Lawyers accuse GM of violating DOJ consent agreement
Washington — Three law firms on Thursday wrote federal prosecutors in New York arguing that General Motors Co. is in violation of its deferred prosecution agreement.
In mid-September, GM agreed to pay a $900 million fine to resolve the 18-month investigation into GM’s delayed recall of 2.6 million vehicles for ignition switch defects linked to at least 124 deaths and 275 injuries by the U.S. Attorney’s Office in Manhattan. As part of the plea agreement, GM was charged with two felonies and will face three years of oversight by a federal monitor.
It’s the latest sign of the scrutiny the Detroit automaker will face under the agreement. A monitor is expected to be announced by the end of the month.
GM was also required to admit to a statement of facts surrounding the ignition switch recall and is not allowed to dispute those. GM, the agreement says, “shall not, through its attorneys, agents, or employees, make any statement, in litigation or otherwise, contradicting the statement of facts or its representations.”
For the second time in recent weeks, lawyers have written U.S. Attorney Preet Bharara arguing that GM is in violation of the agreement.
Lawyers Steve W. Berman of Seattle, Elizabeth J. Cabraser of San Francisco and Bob Hilliard of Corpus Christi, Texas, argue that GM in recent legal briefs argued that the lawyers suing had referenced the company’s civil consent order with the National Highway Traffic Safety Administration in May 2014.
The letter to Bharara from the plaintiffs attorneys said GM wrote “this civil violation was neither a crime, nor fraud, nor an intentional tort, and thus cannot meet the threshold showing required to invoke the exception.” The lawyers wrote those statements contradicting GM’s “consent to be charged criminally with ‘engaging in a scheme to conceal a deadly defect from its U.S. regulator ‘and committing wire fraud.”
GM spokesman Jim Cain said the letter was misleading. The legal documents were filed before GM signed the consent agreement.
“The letter sent by the plaintiffs to the U.S. Attorney’s office and leaked to the media is misleading because it ignored several important facts. First, GM has said on several occasions that we fully stand by the statement of facts. Second, the briefs at issue were completed well before we entered into the deferred prosecution agreement,” Cain said. He noted that a federal court “has already set a briefing schedule to resolve any open issues arising from the plaintiffs’ letter.”
The letter from the plaintiffs lawyers also noted that “GM argues that its delay in reporting the ignition switch defect to NHTSA was a mere ‘violation of certain timing provisions,’ and did not reflect intentional conduct,” the letter to Bharara said.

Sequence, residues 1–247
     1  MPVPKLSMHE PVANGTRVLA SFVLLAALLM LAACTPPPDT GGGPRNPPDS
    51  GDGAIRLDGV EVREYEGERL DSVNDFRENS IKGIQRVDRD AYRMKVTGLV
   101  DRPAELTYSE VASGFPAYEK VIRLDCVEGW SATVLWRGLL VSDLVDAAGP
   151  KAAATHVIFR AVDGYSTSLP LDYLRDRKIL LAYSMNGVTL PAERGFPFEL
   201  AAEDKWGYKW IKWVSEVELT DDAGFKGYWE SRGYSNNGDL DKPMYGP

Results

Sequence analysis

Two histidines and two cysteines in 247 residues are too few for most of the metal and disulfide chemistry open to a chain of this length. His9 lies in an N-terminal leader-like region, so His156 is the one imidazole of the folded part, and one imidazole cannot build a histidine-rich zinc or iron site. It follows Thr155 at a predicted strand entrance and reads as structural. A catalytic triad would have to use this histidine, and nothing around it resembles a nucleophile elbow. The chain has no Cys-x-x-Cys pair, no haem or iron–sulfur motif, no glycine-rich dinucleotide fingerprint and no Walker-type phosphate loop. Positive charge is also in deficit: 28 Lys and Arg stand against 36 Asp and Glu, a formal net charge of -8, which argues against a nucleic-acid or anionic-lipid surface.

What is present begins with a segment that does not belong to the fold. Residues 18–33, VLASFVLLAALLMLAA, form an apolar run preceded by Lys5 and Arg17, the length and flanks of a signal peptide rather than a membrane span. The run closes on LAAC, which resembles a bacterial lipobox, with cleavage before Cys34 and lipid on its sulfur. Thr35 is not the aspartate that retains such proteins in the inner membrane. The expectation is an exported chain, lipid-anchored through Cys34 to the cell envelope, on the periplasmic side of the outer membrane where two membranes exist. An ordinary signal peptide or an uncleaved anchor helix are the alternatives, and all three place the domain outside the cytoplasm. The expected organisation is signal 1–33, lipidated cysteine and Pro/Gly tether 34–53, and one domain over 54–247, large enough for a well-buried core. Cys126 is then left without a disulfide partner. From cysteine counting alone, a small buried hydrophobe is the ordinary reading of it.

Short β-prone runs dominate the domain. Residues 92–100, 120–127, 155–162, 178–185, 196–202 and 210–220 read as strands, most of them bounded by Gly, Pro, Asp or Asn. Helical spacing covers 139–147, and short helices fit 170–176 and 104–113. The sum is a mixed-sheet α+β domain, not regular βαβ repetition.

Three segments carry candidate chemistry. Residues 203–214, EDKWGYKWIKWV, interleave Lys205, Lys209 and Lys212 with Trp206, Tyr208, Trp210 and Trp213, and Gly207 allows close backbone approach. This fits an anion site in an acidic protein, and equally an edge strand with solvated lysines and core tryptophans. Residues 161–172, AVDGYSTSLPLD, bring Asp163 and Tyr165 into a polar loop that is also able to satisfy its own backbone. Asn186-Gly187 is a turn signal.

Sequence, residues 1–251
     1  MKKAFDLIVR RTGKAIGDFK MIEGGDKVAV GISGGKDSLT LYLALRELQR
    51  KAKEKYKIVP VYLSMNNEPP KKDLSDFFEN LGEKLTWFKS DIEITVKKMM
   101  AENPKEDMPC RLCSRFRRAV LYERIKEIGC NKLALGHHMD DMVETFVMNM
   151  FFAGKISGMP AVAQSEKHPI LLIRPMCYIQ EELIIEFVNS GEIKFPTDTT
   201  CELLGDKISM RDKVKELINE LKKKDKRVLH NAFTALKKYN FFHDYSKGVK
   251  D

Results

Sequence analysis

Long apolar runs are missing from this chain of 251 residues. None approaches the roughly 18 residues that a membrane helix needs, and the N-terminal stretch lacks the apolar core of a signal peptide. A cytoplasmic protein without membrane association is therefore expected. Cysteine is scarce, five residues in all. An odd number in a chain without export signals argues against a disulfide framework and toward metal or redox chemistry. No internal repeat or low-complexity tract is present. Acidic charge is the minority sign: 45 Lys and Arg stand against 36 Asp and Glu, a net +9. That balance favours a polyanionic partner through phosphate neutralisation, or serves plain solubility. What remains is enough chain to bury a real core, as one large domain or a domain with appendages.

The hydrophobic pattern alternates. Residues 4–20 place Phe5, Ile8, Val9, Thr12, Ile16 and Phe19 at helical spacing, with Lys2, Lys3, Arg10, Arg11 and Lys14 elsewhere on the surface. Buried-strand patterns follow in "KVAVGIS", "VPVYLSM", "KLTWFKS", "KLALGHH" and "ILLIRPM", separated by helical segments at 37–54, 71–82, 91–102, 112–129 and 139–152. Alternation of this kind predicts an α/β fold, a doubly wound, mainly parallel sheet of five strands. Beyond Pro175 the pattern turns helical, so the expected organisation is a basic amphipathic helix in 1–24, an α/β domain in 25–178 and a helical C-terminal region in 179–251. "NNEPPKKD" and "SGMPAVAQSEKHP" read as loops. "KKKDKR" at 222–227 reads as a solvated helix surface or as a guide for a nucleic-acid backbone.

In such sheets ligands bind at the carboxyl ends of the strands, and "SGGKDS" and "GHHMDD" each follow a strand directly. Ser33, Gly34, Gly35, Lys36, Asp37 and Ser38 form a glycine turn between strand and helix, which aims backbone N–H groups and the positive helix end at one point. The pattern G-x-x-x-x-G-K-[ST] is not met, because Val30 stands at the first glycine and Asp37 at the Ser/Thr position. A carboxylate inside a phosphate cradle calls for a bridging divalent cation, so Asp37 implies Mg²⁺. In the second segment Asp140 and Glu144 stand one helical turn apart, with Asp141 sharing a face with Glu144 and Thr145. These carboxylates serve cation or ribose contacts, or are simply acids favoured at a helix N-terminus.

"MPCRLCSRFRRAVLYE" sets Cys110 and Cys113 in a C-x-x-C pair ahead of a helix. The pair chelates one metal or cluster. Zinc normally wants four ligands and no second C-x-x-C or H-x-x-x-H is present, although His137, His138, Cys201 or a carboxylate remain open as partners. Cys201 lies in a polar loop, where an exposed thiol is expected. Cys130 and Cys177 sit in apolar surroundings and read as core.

The statements contradict GM’s “admissions that it intentionally misled NHTSA and consumers and/or delayed the recall despite its knowledge of the ignition switch safety,” they wrote. They also argue that GM should not have argued that its lawyers did not know, years before the recall, that there was an ignition switch safety defect.
Earlier this month, GM withdrew a legal motion that was seeking to dismiss an ignition switch case and requesting sanctions after Hilliard wrote Bharara saying it was in violation of GM’s deferred prosecution agreement.
GM had said that a black box in a Saturn Ion had information that could have been crucial to determining what happened in a crash. But the black boxes in Ion vehicles didn’t record whether the air bag deployed — as they did with Cobalt and other vehicles in the recall. That admission was part of the agreement.
“The ink is barely dry on the deal with the Department of Justice and GM was already ignoring the direct promises it made, and the terms it agreed to abide by. It took me sending a letter to the U.S. attorney to have GM behave and abide by the terms it agreed to in its Deferred Prosecution Agreement,” Hilliard said earlier this month. “GM needs to understand this is not a game. People died. Children were killed in these defective vehicles. You can’t cut a deal with the government, promise to behave, and then immediately go into civil litigation and intentionally break your word.”
GM said at the time it takes the agreement seriously, “including the commitment not to contradict the statement of facts, and we remain committed to cooperating fully and completely with the US Attorney’s Office.”
Earlier this month, GM said it planned to refile the motion. On Friday, GM said it no longer plans to refile the motion, but didn’t immediately explain why.